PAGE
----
Source: American Journal of Gastroenterology.

 

 

Clinical and Genetic Risk Factors for Perianal Crohn’s Disease in a Population-Based Cohort


Perianal Crohn’s disease (CD) affects around one-quarter of CD patients and represents a distinct disease phenotype. The objective of this study was to investigate a large population-based cohort of inflammatory bowel disease (IBD) patients to identify clinical and genetic risk factors for perianal CD.

METHODS:

Data were collected in the Canterbury IBD database, estimated to include 91% of all patients with IBD in Canterbury, New Zealand. Genotyping was performed for selected loci previously demonstrated to be associated with CD. Patients with perianal disease were then compared with both CD patients without perianal disease and healthy controls to assess the presence of potential phenotypic, environmental, and genetic risk factors.

RESULTS:

Of the 715 CD patients in the database, 190 (26.5%) had perianal disease. In all, 507 patients with genotype data available were analyzed. Perianal disease was associated with younger age at diagnosis (P<0.0001), complicated intestinal disease (P<0.0001), and ileal disease location (P=0.002). There was no association with gender, ethnicity, smoking, or breast feeding. Genotype analysis revealed an association with the neutrophil cytosolic factor 4 (NCF4) gene compared with both non-perianal CD patients (odds ratio (OR): 1.47; 95% confidence interval (CI): 1.08–1.99) and healthy controls (OR: 1.47; 95% CI: 1.10–1.95). There was no association identified with other genes, including IBD5 (OR: 0.91; 95% CI: 0.69–1.20), tumor necrosis factor α (OR: 1.04; 95% CI: 0.56–1.85), and IRGM (immunity-related guanosine triphosphatase protein type M) (OR: 1.21; 95% CI: 0.80–1.82).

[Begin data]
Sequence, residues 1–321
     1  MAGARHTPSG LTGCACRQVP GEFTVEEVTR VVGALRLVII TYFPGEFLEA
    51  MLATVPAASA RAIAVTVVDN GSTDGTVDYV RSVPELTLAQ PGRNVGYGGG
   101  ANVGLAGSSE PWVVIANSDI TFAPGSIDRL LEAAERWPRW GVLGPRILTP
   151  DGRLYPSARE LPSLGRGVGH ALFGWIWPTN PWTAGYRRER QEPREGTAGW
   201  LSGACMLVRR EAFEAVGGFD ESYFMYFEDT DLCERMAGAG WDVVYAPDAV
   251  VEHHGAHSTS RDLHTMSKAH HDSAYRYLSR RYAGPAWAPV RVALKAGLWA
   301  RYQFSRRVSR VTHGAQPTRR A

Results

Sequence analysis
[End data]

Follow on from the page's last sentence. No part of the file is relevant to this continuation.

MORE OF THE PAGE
CONCLUSIONS:

 

This study suggests that younger age at diagnosis, complicated disease behavior, and ileal disease location are risk factors for perianal CD. In addition, this paper represents the first report of an association of the NCF4 gene with perianal disease.

Source: American Journal of Gastroenterology.

 

Has There Been a Change in the Natural History of Crohn’s Disease? Surgical Rates and Medical Management in a Population-Based Inception Cohort from Western Hungary Between 1977–2009


Medical therapy for Crohn’s disease (CD) has changed significantly over the past 20 years with increasing use of immunosuppressives. In contrast, surgery rates are still high and there is little evidence that disease outcomes for CD have changed over the past decades. The objective of this study was to analyze the evolution of the surgical rates and medical therapy in the population-based Veszprem province database.

METHODS:

Data of 506 incident CD patients were analyzed (age at diagnosis: 31.5 years, s.d. 13.8 years). Both hospital and outpatient records were collected and comprehensively reviewed. The study population was divided into three groups by the year of diagnosis (cohort A: 1977–1989, cohort B: 1990–1998 and cohort C: 1999–2008).